Curated product recommendations during online shopping can influence whether people buy a product they were considering. This has been shown by a new University of California San Diego research. The research findings were published in the journal ‘Frontiers in Neuroscience’. Uma R. Karmarkar, assistant professor at UC San Diego's Rady School of Management and School of Global Policy and Strategy, discovered that displaying items from the same category as the target product, such as a board game paired with other board games, increases the likelihood of a target product being purchased.
Consumers, on the other hand, are less likely to buy the target product if it is exhibited alongside products from different categories, such as board games and kitchen knives. Eye-tracking was used in the investigation. This is a type of sensor that allows you to see where someone is looking. The purpose of this study is to see how different types of displays affected visual attention. When paired with identical goods or things from different categories, participants in the study viewed their target product for the same amount of time. Even though the mismatched objects were merely supposed to be there "for display," buyers seemed to spend more time gazing at them.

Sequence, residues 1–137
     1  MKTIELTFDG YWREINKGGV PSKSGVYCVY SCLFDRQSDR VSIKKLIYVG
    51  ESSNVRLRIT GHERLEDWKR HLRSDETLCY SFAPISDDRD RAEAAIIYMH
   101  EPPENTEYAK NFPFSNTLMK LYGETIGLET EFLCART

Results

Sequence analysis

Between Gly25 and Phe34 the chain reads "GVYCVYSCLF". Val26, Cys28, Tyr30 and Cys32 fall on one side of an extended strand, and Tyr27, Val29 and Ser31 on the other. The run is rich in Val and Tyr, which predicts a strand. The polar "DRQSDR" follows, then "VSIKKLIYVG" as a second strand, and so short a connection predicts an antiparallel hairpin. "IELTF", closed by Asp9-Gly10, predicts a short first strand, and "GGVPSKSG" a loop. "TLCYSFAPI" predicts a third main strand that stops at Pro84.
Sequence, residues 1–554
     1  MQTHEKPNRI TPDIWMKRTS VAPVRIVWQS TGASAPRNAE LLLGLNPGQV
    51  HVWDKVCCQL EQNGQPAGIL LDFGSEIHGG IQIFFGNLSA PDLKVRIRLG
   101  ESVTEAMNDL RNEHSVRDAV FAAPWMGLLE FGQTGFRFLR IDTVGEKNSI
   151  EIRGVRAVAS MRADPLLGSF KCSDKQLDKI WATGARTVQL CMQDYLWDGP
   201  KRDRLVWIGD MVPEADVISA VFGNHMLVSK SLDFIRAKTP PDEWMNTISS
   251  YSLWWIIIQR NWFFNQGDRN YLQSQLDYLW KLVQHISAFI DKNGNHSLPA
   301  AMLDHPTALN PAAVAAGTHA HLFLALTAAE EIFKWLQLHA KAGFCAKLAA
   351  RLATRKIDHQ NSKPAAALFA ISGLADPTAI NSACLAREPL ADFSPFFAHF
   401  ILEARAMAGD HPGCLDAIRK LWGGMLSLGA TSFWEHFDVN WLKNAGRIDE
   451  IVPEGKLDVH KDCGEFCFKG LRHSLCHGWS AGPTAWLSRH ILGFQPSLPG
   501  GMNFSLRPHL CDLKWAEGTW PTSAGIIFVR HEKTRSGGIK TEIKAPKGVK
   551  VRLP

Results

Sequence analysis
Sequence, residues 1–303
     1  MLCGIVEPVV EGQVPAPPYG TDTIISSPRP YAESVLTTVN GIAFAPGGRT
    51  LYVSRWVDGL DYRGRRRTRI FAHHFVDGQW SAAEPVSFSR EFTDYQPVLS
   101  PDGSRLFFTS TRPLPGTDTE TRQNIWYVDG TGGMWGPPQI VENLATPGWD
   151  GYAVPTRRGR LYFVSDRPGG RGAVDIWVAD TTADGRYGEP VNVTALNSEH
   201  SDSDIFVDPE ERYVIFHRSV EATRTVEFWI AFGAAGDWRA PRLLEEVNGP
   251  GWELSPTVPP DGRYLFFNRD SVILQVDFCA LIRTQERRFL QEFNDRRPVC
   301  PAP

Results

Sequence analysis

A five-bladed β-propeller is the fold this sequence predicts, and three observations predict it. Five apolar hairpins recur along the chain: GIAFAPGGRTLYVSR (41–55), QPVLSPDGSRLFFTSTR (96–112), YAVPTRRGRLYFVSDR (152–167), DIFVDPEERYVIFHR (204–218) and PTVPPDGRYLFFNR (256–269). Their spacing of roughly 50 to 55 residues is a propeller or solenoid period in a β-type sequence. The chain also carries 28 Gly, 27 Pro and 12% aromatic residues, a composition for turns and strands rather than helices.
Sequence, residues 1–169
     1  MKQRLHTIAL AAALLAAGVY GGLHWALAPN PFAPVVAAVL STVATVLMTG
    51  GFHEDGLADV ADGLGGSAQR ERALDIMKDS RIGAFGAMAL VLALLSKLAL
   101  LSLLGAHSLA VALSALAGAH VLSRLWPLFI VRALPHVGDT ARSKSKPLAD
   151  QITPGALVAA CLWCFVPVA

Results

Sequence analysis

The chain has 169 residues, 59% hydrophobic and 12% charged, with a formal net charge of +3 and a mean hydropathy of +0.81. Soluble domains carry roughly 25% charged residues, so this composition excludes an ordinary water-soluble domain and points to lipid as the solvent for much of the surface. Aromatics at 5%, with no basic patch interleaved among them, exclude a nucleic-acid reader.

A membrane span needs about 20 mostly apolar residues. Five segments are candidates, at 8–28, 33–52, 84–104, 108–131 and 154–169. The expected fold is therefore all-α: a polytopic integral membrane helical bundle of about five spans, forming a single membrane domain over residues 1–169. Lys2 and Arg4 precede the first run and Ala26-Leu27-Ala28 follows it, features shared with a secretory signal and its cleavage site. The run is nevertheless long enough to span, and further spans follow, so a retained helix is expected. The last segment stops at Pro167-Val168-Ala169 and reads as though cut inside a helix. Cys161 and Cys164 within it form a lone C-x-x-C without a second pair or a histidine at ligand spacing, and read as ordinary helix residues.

Karmarkar, who holds a Ph.D. in consumer behaviour and neuroscience, said the findings show that having similar options on the website supports the impression to customers that they're making the proper kind of decision to buy an item that fits the category on display. The participants in the study ranged in age from 18 to 40 and had to make 36 online buying decisions for actual things using real money. The findings, which demonstrate variations in purchase rates, are similar to those of a series of research released by Karmarkar in 2017. She was able to measure which areas of the display were attracting more or less attention in the current study.
Furthermore, the future article demonstrates that matched displays boost purchase rates even when they incorporate more attention-getting information, such as price details. Karmarkar spoke with specialists in the field on product recommendation systems, which influenced her approach to these issues. Recommender algorithms can be designed in a variety of ways to satisfy the needs of various shops.
When businesses use cross-promotion methods based on historical consumer behaviour or inventory they wish to sell more quickly, products might be shown with "mismatched" displays. When a shopper is looking for something specific, regardless of recommender displays, they are more likely to focus their attention, but when people are just 'browsing goods online,' different page designs might induce distinct patterns of attention. People's choices can be influenced by store displays, even if they don't modify their preferences.